I think you have to go back to how C2 came up with the mythical 300(k)Cal/h number.
Jon Williams of Concept2 (12 Aug 04) wrote:
The 300 kC/hour has always been our best approximation for keeping alive and awake and going through the rowing motion at a reasonable stroke rate on an erg with the flywheel removed. This was arrived at from internal experiments and observations, data from Fritz Hagerman and studies done at Ball State.
Fritz Hagerman - the one whose data the V02 calculator is based on. My beginning 2000m times gave me a NEGATIVE V02 using his calculator.
Now that I (re?) discovered the calorie adjustment calculator -
I went back to a couple of my rows and the c2 monitor isn't that far off:
I rowed 10, 000 m in 55:58.9 minutes (2:47.9) - the Suunto estimated a calorie consumption of 563 kcals (included 7 extra minutes surrounding the workout.) I don't have the exact c2 data but using the various equations - I calculated that the c2 would have given 599 kcals and with weight adjustment (I used 60kg) 526.
I tested again with a 30minute row (performed 2 days later) (5600m, 2:40.7 split). I had the monitor on for 47 minutes - total kcal 372. Actually calculating the concept2 calories with weight adjustment gave me 372.
But the real issue is this - for the 30 minute row my HR was > than 180 for 6.5 minutes and between 160-180 for 23.5 minutes. And with the 10,000 meter row my heart rate was between 160 and 180 52:40 minutes. These workouts were considered in the "overreaching" range by the H.R. monitor.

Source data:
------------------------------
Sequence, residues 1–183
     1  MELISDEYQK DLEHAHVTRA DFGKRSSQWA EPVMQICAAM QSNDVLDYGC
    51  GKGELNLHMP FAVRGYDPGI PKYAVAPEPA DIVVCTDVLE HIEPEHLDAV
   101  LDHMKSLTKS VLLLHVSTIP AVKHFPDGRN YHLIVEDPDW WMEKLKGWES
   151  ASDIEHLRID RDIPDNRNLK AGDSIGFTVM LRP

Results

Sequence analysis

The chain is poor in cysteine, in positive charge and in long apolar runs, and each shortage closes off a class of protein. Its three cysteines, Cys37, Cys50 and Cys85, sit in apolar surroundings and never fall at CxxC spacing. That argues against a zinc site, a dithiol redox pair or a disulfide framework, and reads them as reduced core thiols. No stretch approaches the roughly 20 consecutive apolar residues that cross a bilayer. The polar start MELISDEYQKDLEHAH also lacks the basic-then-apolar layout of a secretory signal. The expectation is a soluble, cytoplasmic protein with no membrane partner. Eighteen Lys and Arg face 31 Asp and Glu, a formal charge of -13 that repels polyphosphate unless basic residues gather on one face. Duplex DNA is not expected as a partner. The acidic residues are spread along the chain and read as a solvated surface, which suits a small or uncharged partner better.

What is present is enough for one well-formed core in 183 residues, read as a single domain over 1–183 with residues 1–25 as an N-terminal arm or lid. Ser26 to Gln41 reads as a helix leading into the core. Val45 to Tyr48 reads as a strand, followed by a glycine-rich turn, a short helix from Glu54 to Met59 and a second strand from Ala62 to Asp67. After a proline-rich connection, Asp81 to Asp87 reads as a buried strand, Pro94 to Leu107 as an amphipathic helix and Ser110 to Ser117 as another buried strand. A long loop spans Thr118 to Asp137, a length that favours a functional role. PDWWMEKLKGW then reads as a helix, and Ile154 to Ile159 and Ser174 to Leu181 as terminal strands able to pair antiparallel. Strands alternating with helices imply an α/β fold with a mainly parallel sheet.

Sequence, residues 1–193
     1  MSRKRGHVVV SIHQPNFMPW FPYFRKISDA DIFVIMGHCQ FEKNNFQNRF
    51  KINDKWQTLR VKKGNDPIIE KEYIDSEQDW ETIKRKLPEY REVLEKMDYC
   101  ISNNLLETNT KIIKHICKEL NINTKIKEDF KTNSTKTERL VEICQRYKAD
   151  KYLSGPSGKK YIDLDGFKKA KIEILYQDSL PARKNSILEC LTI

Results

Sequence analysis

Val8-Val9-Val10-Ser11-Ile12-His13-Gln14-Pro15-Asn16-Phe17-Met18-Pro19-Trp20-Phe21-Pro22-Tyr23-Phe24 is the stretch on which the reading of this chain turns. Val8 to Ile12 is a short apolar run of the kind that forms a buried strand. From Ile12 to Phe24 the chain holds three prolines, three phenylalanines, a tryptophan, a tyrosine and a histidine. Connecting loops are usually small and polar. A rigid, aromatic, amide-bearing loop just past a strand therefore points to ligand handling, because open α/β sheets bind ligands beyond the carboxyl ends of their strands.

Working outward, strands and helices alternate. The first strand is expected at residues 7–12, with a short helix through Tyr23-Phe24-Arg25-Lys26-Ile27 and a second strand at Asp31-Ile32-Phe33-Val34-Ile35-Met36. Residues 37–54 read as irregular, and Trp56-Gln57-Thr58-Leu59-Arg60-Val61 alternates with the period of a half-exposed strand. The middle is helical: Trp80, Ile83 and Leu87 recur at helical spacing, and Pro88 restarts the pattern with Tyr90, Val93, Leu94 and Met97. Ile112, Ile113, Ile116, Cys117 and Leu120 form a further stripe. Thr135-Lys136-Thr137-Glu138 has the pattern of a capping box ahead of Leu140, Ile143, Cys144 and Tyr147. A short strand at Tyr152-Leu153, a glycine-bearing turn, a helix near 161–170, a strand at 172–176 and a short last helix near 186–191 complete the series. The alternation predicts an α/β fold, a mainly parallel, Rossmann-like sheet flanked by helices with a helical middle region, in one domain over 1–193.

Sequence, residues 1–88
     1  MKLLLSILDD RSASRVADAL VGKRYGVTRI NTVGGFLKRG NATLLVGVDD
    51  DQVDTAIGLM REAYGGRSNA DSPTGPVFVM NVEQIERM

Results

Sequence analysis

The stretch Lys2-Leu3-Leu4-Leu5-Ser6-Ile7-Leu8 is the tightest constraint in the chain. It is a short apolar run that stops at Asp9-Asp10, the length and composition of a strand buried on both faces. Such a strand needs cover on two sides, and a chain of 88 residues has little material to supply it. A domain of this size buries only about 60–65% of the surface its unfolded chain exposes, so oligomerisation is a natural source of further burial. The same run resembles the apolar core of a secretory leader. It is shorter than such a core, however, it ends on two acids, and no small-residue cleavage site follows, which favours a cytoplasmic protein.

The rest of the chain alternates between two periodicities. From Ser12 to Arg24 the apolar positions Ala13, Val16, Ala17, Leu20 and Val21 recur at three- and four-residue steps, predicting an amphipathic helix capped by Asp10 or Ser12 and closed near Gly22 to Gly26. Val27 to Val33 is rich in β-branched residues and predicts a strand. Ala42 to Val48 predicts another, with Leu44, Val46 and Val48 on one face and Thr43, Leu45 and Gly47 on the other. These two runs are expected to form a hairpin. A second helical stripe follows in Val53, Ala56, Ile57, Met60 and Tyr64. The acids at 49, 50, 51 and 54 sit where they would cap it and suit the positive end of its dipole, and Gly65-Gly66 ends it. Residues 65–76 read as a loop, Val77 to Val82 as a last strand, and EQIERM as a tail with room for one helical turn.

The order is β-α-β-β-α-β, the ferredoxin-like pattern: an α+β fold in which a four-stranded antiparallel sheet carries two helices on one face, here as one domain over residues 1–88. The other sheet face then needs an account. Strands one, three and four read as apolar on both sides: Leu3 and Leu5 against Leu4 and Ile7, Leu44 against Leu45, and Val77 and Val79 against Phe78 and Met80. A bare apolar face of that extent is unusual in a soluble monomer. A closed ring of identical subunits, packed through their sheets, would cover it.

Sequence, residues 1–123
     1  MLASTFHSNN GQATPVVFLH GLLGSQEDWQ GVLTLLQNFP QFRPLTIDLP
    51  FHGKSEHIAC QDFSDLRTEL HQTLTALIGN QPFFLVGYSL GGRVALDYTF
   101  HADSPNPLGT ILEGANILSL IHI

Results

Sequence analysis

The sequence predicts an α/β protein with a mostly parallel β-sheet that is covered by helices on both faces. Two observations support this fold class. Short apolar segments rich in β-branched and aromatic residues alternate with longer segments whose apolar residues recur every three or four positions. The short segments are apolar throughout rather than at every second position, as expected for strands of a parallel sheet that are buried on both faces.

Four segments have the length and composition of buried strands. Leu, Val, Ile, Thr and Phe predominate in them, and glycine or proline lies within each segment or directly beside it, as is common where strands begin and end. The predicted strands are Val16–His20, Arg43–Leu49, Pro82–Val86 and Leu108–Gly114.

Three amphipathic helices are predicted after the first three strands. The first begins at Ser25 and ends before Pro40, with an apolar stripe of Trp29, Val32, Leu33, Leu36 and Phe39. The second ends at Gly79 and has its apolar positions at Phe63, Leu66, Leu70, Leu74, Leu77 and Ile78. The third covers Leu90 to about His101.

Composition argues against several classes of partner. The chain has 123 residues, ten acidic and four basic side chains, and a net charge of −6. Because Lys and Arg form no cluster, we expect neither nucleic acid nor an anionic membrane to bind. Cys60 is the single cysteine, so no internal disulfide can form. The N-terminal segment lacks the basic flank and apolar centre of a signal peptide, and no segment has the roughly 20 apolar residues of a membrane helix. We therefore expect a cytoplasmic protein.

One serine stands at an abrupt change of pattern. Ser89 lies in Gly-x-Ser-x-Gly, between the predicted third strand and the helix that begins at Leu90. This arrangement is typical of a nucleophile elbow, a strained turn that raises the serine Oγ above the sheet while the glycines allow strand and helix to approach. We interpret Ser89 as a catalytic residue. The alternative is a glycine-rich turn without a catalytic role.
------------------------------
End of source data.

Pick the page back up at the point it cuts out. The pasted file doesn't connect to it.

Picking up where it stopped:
From the standpoint of aerobic fitness - it's a easier for me to judge appropriate effort using the HR monitor (and its fancy training effect and EPOC calculations) than it is using power output. It becomes obvious why, if I did care about calories - long slow rows are necessary to accumulate them. A long row with a split of 3:45 still had my heart rate between 140-160 for over 55 minutes and over 160 for a couple minutes. (140-160 is actually within 75-85% of my maximum heart rate.) That was encouraging for me because faster rows can really exacerbate some musculoskeletal issues that I have. So even if a world champion rower and I burn similar amounts of calories at the same power which clearly has to be set to the low level that I can actually obtain and sustain (although I still think they might burn fewer) - I can clearly obtain aerobic benefit from rows which would have minimal to no aerobic benefit for them.
Much of the information and discussion of power/pace on these forums or for training - are aimed at people with much faster splits. And I think it can be difficult for the deconditioned newbie, particularly a lightweight female, to know how to appropriately aim their rows from the power ratings/pace given that there is little good information for comparison. That is the main reason I think the HR monitor is useful not because if its potential greater calorie estimation accuracy. I certainly felt a lot less discouraged about rowing so slowly and about the times where I have to slow down from the musculoskeletal standpoint.
Connecting workouts with their effect on my CV system, helps me remember that even though I rowed for over 7 minutes longer than the other 14 rowers in the 6k during my first race (it's so lonely rowing alone) my split of 2:34.6 was still a real accomplishment for me (especially given that it was after a P.B. 2K 4.5 hours earlier)
(Don't actually know what my HR was - but this was only 4 weeks after the 30 minute row above.)